For those of you who may be hearing about this company for the very first time, in a nutshell, here is one of its businesses – I’m sure all of you will have one of this at your home:
One of NetLink Trust’s (SGX:CJLU) business is in the provision of fibre network in our homes – in fact, they are they only fibre network provider with nationwide residential coverage in Singapore (hence it has a monopoly here.) As at 31 March 2020, they have provisioned more than 1.4 million end-user connections.
That’s not it – the company also provides fibre networks in non-residential premises (they have provisioned over 47,000 connections as at 31 March 2020), as well as providing Non-Building Address Points (or NBAPs for short) connections across Singapore – to elaborate, NBAPs are locations without a physical address or postal code, such as roadside points, bus stops, traffic lights, or carparks.
NetLink Trust was listed on the Main Board of the Singapore Exchange Securities Trading Limited on 19 July 2017 at an IPO price of S$0.810. Had you subscribed to its IPO and stay invested in the Trust till date (it is currently trading at S$0.980), you are now sitting on an unrealised capital gain of about 21% in about 3 years – that’s excluding all the dividend payouts you have received.
So, does NetLink Trust make a good long-term investment? In this post, you will learn about its historical financial performance, as well as its distribution payout to unitholders over a 3-year period (between FY2017/18 and FY2019/20 – the Trust has a financial year-end every 31 March.) On top of it, you will also learn about its most recent first quarter results for the quarter ended 30 June 2020 (i.e. Q1 FY2020/21), compared against results recorded in the same time period last year (i.e. Q1 FY2019/20), as well as whether or not the Trust is considered cheap or expensive based on its current vs. its historical valuations.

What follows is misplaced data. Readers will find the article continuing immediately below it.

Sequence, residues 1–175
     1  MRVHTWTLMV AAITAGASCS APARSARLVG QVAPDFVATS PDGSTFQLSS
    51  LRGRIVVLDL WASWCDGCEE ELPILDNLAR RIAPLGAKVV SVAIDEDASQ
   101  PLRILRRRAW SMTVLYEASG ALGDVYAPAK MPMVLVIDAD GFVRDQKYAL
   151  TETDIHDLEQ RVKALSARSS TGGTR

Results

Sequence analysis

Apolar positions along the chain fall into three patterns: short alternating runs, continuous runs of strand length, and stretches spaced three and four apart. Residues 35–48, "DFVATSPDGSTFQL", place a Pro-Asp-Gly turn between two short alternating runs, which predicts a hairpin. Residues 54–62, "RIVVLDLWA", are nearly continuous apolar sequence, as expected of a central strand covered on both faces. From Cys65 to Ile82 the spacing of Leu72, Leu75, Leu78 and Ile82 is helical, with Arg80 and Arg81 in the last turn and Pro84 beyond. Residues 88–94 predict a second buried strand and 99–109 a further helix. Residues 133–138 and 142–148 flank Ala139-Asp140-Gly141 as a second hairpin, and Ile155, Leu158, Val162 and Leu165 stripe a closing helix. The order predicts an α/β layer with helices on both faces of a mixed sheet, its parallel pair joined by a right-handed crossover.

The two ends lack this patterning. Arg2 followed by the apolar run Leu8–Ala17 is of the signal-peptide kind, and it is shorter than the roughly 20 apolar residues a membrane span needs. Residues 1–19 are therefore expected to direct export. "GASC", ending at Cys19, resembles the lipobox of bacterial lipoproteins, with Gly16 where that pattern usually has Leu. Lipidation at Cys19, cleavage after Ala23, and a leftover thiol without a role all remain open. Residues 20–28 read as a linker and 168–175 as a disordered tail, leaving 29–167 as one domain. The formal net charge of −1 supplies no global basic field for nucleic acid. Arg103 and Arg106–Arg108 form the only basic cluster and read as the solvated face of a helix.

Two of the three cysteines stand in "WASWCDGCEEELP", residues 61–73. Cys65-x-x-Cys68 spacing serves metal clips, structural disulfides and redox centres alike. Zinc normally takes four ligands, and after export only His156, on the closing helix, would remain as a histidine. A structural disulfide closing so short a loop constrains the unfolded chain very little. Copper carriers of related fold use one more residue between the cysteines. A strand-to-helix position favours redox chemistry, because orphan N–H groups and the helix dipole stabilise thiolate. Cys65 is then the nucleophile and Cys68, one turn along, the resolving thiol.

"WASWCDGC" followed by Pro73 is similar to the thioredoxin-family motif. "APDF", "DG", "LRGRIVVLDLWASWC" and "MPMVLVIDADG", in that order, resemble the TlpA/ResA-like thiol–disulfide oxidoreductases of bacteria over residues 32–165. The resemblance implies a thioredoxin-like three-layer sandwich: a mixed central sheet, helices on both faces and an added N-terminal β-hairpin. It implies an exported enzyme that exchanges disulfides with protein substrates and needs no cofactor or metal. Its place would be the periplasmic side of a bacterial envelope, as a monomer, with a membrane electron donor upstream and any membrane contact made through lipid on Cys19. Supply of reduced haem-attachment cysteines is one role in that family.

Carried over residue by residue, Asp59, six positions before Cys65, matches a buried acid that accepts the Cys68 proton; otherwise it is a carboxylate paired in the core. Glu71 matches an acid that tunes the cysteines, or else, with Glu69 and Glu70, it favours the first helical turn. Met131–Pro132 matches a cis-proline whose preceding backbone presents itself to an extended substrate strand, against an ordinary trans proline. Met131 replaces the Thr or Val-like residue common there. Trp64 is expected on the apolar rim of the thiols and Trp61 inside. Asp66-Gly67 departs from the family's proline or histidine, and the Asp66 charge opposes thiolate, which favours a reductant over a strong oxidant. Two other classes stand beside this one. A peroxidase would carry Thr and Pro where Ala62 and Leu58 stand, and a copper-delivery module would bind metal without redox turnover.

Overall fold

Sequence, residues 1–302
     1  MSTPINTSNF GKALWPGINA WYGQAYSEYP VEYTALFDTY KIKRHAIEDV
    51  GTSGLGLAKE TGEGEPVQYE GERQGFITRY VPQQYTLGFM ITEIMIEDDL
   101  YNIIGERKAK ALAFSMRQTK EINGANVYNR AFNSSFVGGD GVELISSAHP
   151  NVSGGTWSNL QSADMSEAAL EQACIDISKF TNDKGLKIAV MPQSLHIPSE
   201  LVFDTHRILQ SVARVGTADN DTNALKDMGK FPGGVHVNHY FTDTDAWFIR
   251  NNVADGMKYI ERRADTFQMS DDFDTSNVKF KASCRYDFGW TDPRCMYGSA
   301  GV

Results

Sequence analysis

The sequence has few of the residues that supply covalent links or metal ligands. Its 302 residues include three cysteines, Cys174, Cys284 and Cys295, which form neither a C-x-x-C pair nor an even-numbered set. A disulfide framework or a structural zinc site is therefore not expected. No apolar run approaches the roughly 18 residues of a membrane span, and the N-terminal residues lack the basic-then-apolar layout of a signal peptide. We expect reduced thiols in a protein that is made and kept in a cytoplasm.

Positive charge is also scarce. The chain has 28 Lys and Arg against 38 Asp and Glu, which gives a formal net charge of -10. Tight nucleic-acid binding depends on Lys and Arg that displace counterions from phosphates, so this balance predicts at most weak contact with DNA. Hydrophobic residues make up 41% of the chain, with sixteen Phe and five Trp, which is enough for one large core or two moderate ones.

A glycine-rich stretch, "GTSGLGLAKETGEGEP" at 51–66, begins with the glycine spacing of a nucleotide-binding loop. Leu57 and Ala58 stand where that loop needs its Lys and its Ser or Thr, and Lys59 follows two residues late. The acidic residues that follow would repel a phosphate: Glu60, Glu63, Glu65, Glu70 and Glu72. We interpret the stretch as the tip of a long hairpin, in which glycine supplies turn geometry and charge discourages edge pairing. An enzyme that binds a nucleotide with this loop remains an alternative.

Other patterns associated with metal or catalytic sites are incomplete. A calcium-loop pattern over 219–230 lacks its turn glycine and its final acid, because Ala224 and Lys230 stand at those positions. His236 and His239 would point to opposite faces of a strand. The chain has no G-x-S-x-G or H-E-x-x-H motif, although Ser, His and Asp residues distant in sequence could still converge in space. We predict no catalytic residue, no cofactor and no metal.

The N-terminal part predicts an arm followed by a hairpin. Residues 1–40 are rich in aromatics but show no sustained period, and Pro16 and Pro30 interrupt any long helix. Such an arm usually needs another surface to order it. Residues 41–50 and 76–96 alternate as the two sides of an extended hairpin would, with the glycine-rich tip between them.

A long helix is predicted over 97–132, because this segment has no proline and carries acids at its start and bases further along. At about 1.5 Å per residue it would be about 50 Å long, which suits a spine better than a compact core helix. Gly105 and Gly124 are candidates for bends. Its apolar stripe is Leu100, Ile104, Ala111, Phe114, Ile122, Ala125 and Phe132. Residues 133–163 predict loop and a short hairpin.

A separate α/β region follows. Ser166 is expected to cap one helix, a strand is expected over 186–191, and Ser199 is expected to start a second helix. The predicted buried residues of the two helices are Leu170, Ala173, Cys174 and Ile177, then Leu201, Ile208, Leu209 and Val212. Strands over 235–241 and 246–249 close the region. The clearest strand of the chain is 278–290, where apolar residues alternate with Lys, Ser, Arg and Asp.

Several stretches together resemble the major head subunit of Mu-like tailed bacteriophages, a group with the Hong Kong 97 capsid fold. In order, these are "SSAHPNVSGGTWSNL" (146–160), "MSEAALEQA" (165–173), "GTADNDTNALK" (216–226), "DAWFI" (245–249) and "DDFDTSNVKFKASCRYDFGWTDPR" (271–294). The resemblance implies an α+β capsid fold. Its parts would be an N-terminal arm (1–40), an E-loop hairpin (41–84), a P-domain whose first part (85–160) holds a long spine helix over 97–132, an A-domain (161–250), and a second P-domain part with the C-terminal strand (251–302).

Historical Financial Performance of NetLink Trust between FY2017/18 and FY2019/20
The following table is the Trust’s historical performance over a 3-year period:
Both the Trust’s top- and bottom-line saw year-on-year (y-o-y) improvements every single year over the past 3 financial years, with its revenue recording a compound annual growth rate (CAGR) of 17.4%, and its net profit recording a CAGR of 16.1% – both of them are at pretty resilient growth rates in my personal opinion.
NetLink Trust’s Distribution to Unitholders between FY2017/18 and FY2019/20
The Trust declares a distribution to its unitholders on a semi-annual basis – once when it releases its second quarter results, and once when it releases its fourth quarter results.
Let us take a look at its distribution payout to unitholders over the past 3 financial years:
Just like its financial results (which we have looked at in the previous section), the Trust’s distribution per unit to unitholders have also gone up every single year over the past 3 years – and a CAGR of 16.8%.
NetLink Trust’s Latest Q1 FY2020/21 Financial Results (Compared against Q1 FY2019/20)
NetLink Trust is one of the companies that have changed to half-yearly reporting with effect from this financial year – meaning for the first and third quarters, they will only provide a summary of their financial performances.